MediaTek rolls out first processors with built-in Nvidia graphics – aimed at bringing AI-powered entertainment to future vehicles

(Image credit: MediaTek)

When we first heard rumors that MediaTek was working to integrate Nvidia's graphics IP into its processors last year, we were cautiously optimistic, as this would be the first time the green company licensed its graphics technology to a third party. And this week MediaTek introduced its new Dimensity Auto Cockpit system-on-chips for automotive applications. These pack Nvidia's next-generation graphics IP, marking a milestone for both companies. 

MediaTek's next-generation Dimensity Auto Cockpit SoCs are based on Arm Cortex cores featuring the latest Armv9 instruction set architecture, as well as Nvidia's next-generation GPU that can run artificial intelligence workloads, such as large language models. The GPU also supports real-time raytracing graphics and DLSS 3 image upscaling. The processors are supported by Nvidia's proven Drive OS (which is, of course, CUDA-enabled), which allows automakers to use all the software and IP designed for this platform. 

Nvidia has been trying to license its graphics IP since 2013 and its Kepler architecture, but without any success (or at least any announced success). Apparently, support for the Drive OS platform, CUDA, and highly competitive performance of Nvidia's next-generation GPU (possibly Blackwell?) is what made MediaTek license Nvidia GPU IP and software IP. 

(Image credit: MediaTek)

"Generative AI is transforming the automotive industry in the same way that it has revolutionized the mobile market with more personalized and intuitive computing experiences," said Jerry Yu, Corporate Senior Vice President and General Manager of MediaTek’s CCM Business Group. "The Dimensity Auto Cockpit portfolio will unleash a new wave of AI-powered entertainment in vehicles, and our unified hardware and software platform makes it easy for automakers to scale AI capabilities across their entire lineup." 

The Dimensity Auto Cockpit CX-1, CY-1, CM-1, and CV-1 processors are highly integrated monolithic SoCs (according to HardwareLuxx) that have built-in integrated multi-camera HDR ISP that supports front-facing, in-cabin, and bird's-eye-view cameras for numerous safety applications, as well as an audio DSP that supports the latest voice assistants, according to MediaTek. 

"Generative AI and accelerated compute are reshaping the automotive landscape," said Ali Kani, Vice President of Automotive at Nvidia. "The new Dimensity Auto chipsets harness NVIDIA’s graphics and AI technologies, helping deliver fresh in-vehicle user experiences, added safety and security capabilities, and enhanced connectivity services spanning across vehicle segments."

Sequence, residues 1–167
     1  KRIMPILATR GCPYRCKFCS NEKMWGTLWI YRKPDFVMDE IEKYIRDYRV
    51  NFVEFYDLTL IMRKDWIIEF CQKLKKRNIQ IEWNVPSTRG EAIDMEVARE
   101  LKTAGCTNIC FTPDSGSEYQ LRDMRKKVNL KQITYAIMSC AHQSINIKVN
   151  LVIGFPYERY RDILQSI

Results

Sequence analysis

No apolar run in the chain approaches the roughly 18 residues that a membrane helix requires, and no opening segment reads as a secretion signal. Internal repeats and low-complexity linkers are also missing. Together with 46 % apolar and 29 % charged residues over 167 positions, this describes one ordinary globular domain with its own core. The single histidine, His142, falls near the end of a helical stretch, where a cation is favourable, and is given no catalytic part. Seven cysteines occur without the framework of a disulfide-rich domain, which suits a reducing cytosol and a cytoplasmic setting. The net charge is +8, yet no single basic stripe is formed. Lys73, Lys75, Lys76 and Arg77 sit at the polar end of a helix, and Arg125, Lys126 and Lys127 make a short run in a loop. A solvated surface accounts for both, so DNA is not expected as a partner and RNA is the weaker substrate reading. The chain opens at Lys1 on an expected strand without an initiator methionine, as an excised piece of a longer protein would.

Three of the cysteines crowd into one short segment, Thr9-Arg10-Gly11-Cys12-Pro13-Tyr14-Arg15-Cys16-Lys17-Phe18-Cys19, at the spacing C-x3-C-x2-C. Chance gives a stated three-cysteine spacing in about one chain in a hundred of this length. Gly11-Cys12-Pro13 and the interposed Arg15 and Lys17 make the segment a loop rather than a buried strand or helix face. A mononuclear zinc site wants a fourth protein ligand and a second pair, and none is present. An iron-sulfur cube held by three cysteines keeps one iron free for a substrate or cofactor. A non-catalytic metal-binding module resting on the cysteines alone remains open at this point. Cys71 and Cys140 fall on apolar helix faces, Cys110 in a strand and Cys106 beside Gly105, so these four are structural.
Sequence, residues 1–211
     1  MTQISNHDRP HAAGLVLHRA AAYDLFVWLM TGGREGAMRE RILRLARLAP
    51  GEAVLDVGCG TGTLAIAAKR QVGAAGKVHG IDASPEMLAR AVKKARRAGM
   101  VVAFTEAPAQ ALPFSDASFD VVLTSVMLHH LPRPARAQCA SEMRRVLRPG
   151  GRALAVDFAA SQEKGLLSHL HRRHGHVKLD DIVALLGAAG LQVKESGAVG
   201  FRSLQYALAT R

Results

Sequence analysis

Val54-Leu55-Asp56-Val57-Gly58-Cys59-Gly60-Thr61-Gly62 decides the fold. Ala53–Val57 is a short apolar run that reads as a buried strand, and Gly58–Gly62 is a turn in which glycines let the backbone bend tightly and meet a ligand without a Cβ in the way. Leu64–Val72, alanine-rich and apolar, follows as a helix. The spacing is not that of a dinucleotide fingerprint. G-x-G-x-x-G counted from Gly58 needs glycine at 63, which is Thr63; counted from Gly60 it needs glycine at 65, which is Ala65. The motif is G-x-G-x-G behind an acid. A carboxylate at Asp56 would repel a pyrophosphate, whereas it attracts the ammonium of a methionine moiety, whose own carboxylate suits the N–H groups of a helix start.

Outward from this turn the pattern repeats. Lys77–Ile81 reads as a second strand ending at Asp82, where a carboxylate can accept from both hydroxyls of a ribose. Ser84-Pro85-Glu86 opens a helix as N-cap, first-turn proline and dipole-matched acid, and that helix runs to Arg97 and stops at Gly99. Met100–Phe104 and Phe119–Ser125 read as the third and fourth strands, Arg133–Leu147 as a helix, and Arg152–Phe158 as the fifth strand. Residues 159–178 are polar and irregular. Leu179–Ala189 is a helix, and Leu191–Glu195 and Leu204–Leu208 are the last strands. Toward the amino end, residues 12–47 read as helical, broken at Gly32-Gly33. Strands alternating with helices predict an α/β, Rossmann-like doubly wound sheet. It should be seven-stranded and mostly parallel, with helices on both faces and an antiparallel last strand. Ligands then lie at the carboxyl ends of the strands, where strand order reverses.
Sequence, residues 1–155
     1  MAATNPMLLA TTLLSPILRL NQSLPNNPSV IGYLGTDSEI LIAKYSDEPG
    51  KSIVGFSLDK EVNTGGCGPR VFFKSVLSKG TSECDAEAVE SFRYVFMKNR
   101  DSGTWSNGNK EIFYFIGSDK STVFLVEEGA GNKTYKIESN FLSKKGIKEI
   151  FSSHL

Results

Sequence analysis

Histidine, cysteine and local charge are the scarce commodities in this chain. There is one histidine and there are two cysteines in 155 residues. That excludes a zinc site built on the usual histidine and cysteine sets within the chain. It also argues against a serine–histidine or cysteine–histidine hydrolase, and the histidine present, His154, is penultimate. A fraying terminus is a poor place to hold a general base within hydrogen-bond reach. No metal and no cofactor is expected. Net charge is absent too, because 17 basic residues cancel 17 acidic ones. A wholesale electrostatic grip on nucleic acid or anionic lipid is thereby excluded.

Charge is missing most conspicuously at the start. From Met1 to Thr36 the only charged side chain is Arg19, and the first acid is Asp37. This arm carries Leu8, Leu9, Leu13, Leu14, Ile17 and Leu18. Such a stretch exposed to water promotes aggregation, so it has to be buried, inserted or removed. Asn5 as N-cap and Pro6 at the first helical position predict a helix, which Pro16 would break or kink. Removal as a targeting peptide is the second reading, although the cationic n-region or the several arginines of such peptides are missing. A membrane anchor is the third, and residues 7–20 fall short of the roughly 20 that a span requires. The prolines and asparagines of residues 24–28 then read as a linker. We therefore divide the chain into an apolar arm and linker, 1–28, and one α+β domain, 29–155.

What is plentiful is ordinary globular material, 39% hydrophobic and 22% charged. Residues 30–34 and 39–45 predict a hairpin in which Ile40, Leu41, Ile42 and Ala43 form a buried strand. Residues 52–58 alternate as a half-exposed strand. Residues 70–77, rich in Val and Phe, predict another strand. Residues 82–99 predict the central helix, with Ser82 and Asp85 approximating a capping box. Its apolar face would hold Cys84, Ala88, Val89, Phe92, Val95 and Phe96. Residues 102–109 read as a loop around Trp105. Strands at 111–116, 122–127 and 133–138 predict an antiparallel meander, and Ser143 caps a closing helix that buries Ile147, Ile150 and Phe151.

Anton Shilov
Freelance News Writer

Anton Shilov is a Freelance News Writer at Tom’s Hardware US. Over the past couple of decades, he has covered everything from CPUs and GPUs to supercomputers and from modern process technologies and latest fab tools to high-tech industry trends.

  • bit_user
    we first heard rumors that MediaTek was working to integrate Nvidia's graphics IP into its processors last year
    IIRC, public statements from MediaTek go back even a year prior to that! It's nice to see them finally come to some sort of fruition.

    Apparently, support for the Drive OS platform, CUDA, and highly competitive performance of Nvidia's next-generation GPU (possibly Blackwell?) is what made MediaTek license Nvidia GPU IP and software IP.
    I doubt it. I think they were originally just looking for a way to differentiate themselves from other licensees of ARM's Mali iGPUs and possibly looking to mount better competition against Qualcomm's Adreno and Apple's iGPUs.

    As for why they're targeting the automotive market, it's probably the less price-sensitive nature of the market. Either that, or Nvidia's Android support still isn't far enough along for them to use the iGPUs in a phone. I think Google started pushing vendors to use in-tree drivers for their Android SoCs, though I'm not too clear on the details. Nvidia's open source driver is still at beta stage, if that.